Sundance 2018: White Rabbit great for representation

Vivian Bang appears in White Rabbit by Daryl Wein, an official selection of the NEXT program at the 2018 Sundance Film Festival. Courtesy of Sundance Institute. Photo by Daryl Wein.

An official selection of the 2018 Sundance Film Festival, White Rabbit is one of the more unique films to play the NEXT program.

Directed by Daryl Wein from a script co-written with Vivian Bang, White Rabbit shines a light on a segment of the population that doesn’t have the opportunity to be represented much on the big screen in leading performances. Things may be changing on the small screen but there’s still a lot work to be done on the big screen and the same goes for the Latin population in terms of representation.

In writing the Los Angeles-set script, the duo are able to blend Bang’s reality with a kind of fiction made to serve the film for dramatic purposes and giving Bang a star-turning performance. She performs in all kinds of places when one least expects it, whether it’s at a grocery store or park.  Perhaps none of her performances may be more important than the one that she tells about what happened to Korean-American families during the 1992 Los Angeles Riots following the death of Rodney King.  The Koreans got the blame for the racial tensions as unfair as that may be, it’s also something important to learn.  In telling the story, Bang delivers it with importance and emoting off a vibe that says how important it is.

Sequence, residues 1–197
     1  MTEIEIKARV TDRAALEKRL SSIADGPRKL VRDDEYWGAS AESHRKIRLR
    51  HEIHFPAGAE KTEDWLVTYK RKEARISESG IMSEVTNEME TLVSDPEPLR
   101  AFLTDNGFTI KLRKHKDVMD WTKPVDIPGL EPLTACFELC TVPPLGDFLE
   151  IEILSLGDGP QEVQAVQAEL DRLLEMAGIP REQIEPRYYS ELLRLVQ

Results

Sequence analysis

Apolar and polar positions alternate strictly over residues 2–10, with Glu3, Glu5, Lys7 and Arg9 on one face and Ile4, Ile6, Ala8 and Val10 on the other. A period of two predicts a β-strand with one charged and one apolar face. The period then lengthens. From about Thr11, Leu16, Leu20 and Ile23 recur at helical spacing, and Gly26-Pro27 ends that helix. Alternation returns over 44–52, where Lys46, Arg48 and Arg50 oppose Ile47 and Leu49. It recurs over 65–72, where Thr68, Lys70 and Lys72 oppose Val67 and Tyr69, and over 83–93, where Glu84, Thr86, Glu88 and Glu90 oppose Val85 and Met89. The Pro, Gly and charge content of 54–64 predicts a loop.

Victoria (Nana Ghana) is able to connect with Vivian over how she embodies her culture.  Their friendship is vital to the film’s success and it’s nice to see two minority women in starring performances.

There’s a moment in the film where Bang auditions for a director (Nico Evers-Swindell) looking for an Asian-American in a film that he’s making.  While there may only be for a few lines for the character he wants her to portray, the director feels that the character serves an importance to the film, telling her that “there are strong intelligent women in the workforce and they are of different backgrounds.” That may be true but it’s also important to note that it’s kind of reminiscent of how things are now with segments of society not getting the proper representation in which they deserve on screen.

White Rabbit is a film that runs on the short side with a running time just over an hour long.  One area in which the film could be improved upon is telling us who plays who in the cast and that’s not to take away anything from the end titles designed by Wein–they are amazing in their own right.

An official selection of the 2018 Sundance Film Festival, White Rabbit competed in the NEXT program. A distributor has not been announced.

Danielle Solzman

Danielle Solzman is native of Louisville, KY, and holds a BA in Public Relations from Northern Kentucky University and a MA in Media Communications from Webster University. She roots for her beloved Kentucky Wildcats, St. Louis Cardinals, Indianapolis Colts, and Boston Celtics. Living less than a mile away from Wrigley Field in Chicago, she is an active reader (sports/entertainment/history/biographies/select fiction) and involved with the Chicago improv scene. She also sees many movies and reviews them. She has previously written for Redbird Rants, Wildcat Blue Nation, and Hidden Remote/Flicksided. From April 2016 through May 2017, her film reviews can be found on Creators.

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